Wabi Sabi is a japanese view of the world that celebrates the beauty of imperfection, the beauty of things that are unfinished and impermanent.
Wabi connotes rustic simplicity or understated elegance. It can also refer to quirks and anomalies arising from the process of construction, which add uniqueness and elegance to the object.
Sabi is beauty or serenity that comes with age, when the life of the object and its impermanence are evidenced in its patina and wear, or in any visible repairs.
Kintsugi (金継ぎ?) (Japanese: golden joinery) or Kintsukuroi (金繕い?) (Japanese: golden repair) Defined as "to repair with gold"; the art of repairing pottery with gold or silver lacquer and understanding that the piece is more beautiful for having been broken.
But any effort to understand intellectualy Wabi Sabi would be in vain as it is a feeling, an emotion, a spiritual experience. If it could be defined, it wouldn't be Wabi Sabi.
Wabi Sabi could seems a mysterious and hermetic concept, difficult to explain and difficult to understand but we could find a little door through some japanese arts as Honkyoku (traditional shakuhachi music of wandering Zen monks), Ikebana (flower arrangement), Japanese gardens, Zen gardens and bonsai (tray gardens),Japanese poetry,Japanese pottery, Hagi ware, Raku ware or Japanese tea ceremony which is the clearest expression of Wabi Sabi. The tea ceremony is described in The Book of Tea of Kakuzo Okakura.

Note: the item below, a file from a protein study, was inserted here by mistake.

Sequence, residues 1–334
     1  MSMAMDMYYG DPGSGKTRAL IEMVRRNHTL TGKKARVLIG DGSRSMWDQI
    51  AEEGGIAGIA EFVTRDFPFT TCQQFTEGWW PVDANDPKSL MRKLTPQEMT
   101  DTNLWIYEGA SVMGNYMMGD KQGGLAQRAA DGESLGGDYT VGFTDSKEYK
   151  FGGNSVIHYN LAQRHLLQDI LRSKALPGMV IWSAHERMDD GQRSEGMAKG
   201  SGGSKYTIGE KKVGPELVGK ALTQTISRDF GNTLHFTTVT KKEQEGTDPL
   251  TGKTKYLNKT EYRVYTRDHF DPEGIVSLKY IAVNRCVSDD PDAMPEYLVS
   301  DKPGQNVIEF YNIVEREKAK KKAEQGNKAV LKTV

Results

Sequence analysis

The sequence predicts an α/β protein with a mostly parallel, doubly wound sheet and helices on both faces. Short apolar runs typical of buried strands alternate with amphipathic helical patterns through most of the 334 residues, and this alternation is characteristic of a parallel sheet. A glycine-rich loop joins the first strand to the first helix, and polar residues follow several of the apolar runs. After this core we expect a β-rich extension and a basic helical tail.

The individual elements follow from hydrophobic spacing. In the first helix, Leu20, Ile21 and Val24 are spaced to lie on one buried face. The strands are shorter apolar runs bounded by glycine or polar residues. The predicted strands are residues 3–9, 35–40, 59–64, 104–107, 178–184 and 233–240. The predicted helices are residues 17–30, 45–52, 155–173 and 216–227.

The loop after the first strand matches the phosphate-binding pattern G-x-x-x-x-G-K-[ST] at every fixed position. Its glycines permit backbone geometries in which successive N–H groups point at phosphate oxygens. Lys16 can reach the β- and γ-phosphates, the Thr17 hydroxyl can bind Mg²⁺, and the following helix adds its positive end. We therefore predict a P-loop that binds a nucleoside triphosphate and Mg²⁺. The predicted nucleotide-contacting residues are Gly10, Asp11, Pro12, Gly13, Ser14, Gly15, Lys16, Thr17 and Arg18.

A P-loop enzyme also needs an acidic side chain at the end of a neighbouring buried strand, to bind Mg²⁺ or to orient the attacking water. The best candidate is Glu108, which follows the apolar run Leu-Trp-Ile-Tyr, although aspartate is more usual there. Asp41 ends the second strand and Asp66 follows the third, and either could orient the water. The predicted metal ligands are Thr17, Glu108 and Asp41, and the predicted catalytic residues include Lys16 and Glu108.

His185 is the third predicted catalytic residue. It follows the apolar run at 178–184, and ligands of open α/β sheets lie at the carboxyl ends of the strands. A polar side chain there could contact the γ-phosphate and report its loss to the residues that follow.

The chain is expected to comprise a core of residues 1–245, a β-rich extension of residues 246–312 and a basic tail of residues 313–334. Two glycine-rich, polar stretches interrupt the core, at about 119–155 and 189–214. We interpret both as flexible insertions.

This summer I read the book of Leonard Koren Wabi-Sabi for artists, designers, poets & philosophers, but to really feel and understand Wabi Sabi there is nothing like the music of the shakuhachi bamboo flute or the observation of the passing time and its beauty.
Honkyoku (本曲, "original pieces") are the pieces of shakuhachi music for enlightenment. Fuke monks or priests were noted for playing the shakuhachi bamboo flute as a form of meditation known as suizen ("blowing meditation"), an innovation from the earlier zazen ("sitting meditation") of other Zen sects.